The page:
Boeing has proposed using one rocket launch to deliver an integrated lunar lander system to lunar orbit as part of U.S. plans to return to the moon under the Artemis program. Boeing says the HLS can either dock with the Gateway or dock directly with Orion to take astronauts straight to the lunar surface. HLS also doesn't need an additional transfer stage to lower itself from lunar orbit.
NASA expects to award initial study contracts to several companies as soon as the end of the year, and eventually select two companies to proceed into full-scale development of landers, one which would be used for the initial 2024 landing and the other for a 2025 mission.
It is not yet known how many companies submitted lander proposals. Meanwhile, Blue Moon's design calls for a transfer stage, which will be built by Northrop Grumman. Blue Origin confirmed that its team, announced by company founder Jeff Bezos Oct. 22, had submitted a proposal to NASA by the November 5 deadline.
Finally, the Starliner's service module separated from the crew module and the latter touched down with a cushion of inflated airbags about a mile north of the test stand, approximately 90 seconds after the launch.
The lander will use key technologies from Boeing's CST-100 Starliner capsule, created to carry astronauts to the International Space Station (ISS).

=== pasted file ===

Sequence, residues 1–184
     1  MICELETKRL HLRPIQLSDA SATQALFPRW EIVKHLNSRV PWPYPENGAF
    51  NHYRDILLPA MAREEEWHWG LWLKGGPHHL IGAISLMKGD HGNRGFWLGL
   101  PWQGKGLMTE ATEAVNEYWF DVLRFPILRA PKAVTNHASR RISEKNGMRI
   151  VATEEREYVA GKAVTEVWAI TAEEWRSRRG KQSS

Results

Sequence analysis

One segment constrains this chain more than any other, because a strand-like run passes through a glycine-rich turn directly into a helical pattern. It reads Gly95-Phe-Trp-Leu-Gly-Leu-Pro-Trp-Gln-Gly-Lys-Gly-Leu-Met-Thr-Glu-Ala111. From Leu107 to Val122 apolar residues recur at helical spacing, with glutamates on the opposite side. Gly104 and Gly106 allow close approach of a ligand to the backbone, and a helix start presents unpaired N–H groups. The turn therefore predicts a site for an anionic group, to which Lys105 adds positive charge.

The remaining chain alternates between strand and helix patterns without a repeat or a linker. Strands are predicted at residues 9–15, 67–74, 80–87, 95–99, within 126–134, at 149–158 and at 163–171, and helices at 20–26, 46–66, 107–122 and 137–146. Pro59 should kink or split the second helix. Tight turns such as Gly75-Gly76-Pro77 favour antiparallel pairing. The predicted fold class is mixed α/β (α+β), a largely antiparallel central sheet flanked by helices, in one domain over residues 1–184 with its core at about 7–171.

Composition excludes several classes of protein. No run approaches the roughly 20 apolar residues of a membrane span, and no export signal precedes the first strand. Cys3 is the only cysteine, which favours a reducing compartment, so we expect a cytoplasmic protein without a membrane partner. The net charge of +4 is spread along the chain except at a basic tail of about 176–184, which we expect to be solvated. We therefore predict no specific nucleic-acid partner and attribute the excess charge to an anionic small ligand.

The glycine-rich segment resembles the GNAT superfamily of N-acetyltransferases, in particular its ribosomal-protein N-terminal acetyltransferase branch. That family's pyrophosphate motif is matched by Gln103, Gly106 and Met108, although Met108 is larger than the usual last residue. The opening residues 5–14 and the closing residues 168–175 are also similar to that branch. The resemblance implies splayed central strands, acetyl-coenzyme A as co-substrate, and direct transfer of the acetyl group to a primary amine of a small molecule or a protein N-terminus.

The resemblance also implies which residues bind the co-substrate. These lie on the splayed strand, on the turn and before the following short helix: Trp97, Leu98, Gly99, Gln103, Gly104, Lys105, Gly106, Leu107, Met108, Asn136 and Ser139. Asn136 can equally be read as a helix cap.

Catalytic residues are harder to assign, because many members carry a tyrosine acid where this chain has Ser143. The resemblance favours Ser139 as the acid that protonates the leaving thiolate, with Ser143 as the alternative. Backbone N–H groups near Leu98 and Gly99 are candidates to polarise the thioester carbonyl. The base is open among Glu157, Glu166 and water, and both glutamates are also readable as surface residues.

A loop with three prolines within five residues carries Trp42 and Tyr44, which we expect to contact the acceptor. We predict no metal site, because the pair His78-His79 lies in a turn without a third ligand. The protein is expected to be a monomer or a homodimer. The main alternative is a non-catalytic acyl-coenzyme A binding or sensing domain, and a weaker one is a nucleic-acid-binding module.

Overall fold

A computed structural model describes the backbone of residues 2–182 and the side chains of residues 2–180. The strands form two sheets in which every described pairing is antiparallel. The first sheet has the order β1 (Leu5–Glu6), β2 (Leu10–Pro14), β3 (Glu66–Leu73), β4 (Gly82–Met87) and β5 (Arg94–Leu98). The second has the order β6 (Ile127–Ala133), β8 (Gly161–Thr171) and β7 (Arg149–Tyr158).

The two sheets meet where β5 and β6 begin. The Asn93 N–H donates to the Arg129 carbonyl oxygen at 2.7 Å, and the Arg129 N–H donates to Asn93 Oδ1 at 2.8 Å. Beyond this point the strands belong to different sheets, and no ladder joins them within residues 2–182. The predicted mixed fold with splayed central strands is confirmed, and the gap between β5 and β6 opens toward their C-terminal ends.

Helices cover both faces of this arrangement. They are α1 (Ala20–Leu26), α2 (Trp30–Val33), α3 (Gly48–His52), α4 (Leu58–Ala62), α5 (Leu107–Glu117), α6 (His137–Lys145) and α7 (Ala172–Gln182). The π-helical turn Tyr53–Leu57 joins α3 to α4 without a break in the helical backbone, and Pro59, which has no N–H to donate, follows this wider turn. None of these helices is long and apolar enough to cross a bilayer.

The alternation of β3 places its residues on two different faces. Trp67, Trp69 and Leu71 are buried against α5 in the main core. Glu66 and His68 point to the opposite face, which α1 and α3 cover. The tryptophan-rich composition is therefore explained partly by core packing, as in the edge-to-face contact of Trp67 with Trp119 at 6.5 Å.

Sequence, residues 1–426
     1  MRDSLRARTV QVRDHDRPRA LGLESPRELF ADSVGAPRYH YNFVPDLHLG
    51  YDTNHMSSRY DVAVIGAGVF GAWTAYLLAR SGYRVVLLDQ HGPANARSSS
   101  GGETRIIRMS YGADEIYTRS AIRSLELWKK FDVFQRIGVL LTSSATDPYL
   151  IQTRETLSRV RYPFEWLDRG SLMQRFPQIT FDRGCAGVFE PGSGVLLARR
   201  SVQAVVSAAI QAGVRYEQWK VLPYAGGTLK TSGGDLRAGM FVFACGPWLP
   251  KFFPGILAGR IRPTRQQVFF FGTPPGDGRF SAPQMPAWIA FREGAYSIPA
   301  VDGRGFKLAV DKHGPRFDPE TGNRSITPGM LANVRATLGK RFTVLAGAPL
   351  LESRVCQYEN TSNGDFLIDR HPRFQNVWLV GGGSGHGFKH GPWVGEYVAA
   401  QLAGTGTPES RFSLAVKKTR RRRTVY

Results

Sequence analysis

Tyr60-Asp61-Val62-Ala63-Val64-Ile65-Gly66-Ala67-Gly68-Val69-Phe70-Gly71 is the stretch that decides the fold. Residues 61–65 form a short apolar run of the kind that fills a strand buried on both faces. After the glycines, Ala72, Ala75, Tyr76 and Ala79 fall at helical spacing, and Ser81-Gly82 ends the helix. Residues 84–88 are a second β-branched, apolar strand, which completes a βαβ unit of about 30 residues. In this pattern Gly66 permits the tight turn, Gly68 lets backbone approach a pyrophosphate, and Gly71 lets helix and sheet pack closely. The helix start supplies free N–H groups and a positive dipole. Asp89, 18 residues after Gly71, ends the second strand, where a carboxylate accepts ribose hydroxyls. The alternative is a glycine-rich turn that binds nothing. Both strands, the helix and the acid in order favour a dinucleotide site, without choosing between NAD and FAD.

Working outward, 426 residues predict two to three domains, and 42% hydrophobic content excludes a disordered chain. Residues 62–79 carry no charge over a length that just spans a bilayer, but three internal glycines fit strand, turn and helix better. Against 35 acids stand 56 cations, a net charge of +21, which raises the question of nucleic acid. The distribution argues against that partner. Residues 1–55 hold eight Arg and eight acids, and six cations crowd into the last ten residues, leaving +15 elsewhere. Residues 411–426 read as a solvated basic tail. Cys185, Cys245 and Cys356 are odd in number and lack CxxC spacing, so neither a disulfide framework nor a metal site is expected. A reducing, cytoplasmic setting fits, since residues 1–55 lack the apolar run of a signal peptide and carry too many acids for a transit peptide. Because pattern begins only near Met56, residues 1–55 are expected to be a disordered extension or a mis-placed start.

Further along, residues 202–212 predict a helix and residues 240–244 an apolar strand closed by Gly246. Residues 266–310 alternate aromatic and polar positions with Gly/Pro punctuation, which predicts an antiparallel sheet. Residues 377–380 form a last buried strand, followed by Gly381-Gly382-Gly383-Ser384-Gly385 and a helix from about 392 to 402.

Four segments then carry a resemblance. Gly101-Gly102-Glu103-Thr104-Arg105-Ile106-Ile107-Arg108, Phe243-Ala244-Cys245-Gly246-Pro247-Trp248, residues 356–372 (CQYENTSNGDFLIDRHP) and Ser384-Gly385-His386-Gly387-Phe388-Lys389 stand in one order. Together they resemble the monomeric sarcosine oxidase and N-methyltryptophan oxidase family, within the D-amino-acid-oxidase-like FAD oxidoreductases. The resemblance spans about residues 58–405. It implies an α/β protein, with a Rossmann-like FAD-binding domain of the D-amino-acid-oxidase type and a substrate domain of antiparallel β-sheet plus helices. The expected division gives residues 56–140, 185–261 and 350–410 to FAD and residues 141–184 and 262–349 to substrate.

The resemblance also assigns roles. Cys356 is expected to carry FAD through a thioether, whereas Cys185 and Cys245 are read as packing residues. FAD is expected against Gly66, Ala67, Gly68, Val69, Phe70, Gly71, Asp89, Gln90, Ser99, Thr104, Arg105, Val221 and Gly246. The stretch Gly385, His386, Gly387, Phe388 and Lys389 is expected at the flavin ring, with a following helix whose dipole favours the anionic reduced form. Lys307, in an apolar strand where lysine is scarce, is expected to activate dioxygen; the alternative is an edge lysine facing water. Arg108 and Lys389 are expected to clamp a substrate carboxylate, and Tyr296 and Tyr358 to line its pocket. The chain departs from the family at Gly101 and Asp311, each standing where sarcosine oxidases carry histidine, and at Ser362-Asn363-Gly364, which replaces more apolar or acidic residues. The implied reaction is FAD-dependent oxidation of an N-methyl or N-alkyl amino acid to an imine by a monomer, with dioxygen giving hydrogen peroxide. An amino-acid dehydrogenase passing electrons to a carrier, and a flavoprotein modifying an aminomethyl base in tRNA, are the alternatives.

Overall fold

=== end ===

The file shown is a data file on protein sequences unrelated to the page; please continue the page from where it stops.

In this artist's conception, Boeing's Human Lander System heads into orbit on the strength of a Space Launch System rocket.
The company's proposal calls for delivering the lander's Ascent Element and Descent Element to lunar orbit in one rocket launch to ensure it is tailored for maximum capability and crew safety.
The SLS is years behind schedule and is not expected to take off on its first unpiloted test flight until 2021.
"Using the lift capability of NASA's Space Launch System (SLS) Block 1B, we have developed a "Fewest Steps to the Moon" approach that minimizes mission complexity, while offering the safest and most direct path to the lunar surface."According to the company, the lander will be ready in time for the first Artemis moon landing mission in 2024, but it's unclear if the 1B variant booster will also be ready by then.
Boeing proposes using the giant SLS rocket now in production at NASA's Michoud Assembly Facility (MAF), arguing it has "unmatched lift capability that builds on proven flight components". It could instead dock with Nasa's Orion spacecraft directly for a simpler mission profile.
The design includes innovations in its engines, composites, and automated landing and rendezvous systems.
It says key technologies are based on its CST-100 Starliner spacecraft, which recently passed a crucial abort test will be fully demonstrated during a flight to the International Space Station planned for December.